The lessons below are not just to pack light, but also to reduce stress. Some really only apply to me for next time :) This is not a howto list on packing light for travel, just a few things I need to do better for next time.


Only bring electronic devices that can be charged by USB, which leads me to my next point...

Look on eBay or from Amazon for a USB charger that has multiple inputs (make sure it has enough amps if you are charging certain phones). It became a hassle trying to charge four or five devices using just one USB charger. The charger, if going to Europe, should have room to accept a ground, or be able to get around the ground plug used in many places. In other words, get one like this one not like this one (basically, not like any of the block ones from eBay). Once again, try to get a 4-port one with travel adaptors included.

I'm going to consider not bringing my Kindle next time, but instead bring one paperback book. The weight might be about the same. I might not even bring a book - less stuff to break or get wet. I don't do much reading on my travels anyway, instead writing in a journal or finding out what to do next.

Get an Eye-Fi or be able to read a USB stick with my phone. I need to figure out a way to backup photos from my camera to the cloud every night using only my phone (if the hotel has free wi-fi). Sorry if you are the guest next door...

Going Light

Don't bring jeans, or bring only one nice pair of pants for semi-formal situation. I have to admit, I almost never wore my jeans. After only wearing them once or twice they would get wet, dirty, and/or smelly, so I would be forced to wear my Columbia pseudo-hiking pants over and over. The pants are not particularly stylish, especially in European cities, but they are reasonable warm, repel water, dry quickly, and are exceptionally light. After weeks of abuse they didn't smell, or look dirty, somehow. I'm a bit of a Columbia fan...

Try to find one pair of shoes that are ergonomic and athletic enough for walking 20KM/day, or on a trail, but also stylish enough to go into a nice restaurant and not draw too much attention. And dry quickly. I don't really have any suggestions, since I'm still looking, but I'm certainly never going to put my Allen Edmonds shoes in a backpack. I am an AE fan, too...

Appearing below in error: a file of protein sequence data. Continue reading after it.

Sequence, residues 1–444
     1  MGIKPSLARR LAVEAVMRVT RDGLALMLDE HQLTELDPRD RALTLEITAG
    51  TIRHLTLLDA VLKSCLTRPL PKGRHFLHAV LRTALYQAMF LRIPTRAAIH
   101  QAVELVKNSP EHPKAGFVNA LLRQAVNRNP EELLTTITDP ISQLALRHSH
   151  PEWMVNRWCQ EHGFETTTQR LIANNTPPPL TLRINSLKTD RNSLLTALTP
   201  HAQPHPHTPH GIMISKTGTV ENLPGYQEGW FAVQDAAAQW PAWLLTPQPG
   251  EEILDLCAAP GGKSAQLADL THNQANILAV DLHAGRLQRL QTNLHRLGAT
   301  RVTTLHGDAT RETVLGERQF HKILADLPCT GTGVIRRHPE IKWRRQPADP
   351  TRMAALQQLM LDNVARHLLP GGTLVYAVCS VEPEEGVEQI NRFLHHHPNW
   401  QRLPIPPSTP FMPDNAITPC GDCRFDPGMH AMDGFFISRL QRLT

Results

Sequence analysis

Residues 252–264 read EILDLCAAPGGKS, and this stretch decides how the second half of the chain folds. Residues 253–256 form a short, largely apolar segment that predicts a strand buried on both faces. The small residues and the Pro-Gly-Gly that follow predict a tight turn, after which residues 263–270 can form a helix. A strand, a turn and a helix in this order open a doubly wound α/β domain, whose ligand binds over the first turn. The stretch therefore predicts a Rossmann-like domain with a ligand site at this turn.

Bring cotton undershirts instead of normal shirts for winter travel. I never ended up wearing a t-shirt on the outside, so the shirts were basically just used to keep the rest of my clothing clean. I may look into undershits that wick better than cotton.

Replace my money belt with something. It is just uncomfortable. I am trying to find an alternative, maybe something that goes over the shoulder instead. I only need something for my passport.

My fingerless gloves worked really well, because I could still use my mobile phone without taking off my gloves.

Staying Clean and Healthy

Bring two large dry bags for dirty clothing, a dry bag for larger electronics, a dry bag for electronic cords/cables/chargers, and a dry bag for lotions and creams. Or get indestructible bags. The zip-loc bags I brought all had holes within the first few days of travel, spewing my cables everywhere. The corners on any bottle tears straight through them. I have since bought some Loksak bags, and a year later they are still holding up.

Bring more vitamins, both Multi and C, especially if in winter. A tube from an energy capsule mix would work well to store them in, or Vitamin C fits well into a Tic-Tac container. Only bring enough pills that you need. For instance, I usually only bring two pills of Gastro-Stop, because that stuff works maybe too well. Also, vitamins were really inexpensive in parts of Europe compared to most places I have lived.

Long Johns next time we travel in winter and it looks to go below 0C. We were OK, but that extra layer would have been nice.

Buy a Mach 3 as soon as possible. I tried shaving in Prague before the opera with a normal three blade razor, and it was horrible. I had to use an entire pack just to see skin, and even then had little patches of hair that I couldn't get. I'm never making that mistake again. Alternatively, I'm thinking of getting a portable Sanyo electric razor that I saw my dad use when we were in New Zealand.

RELATED: I have added a similar entry on our recent trip to Nepal (12/2012).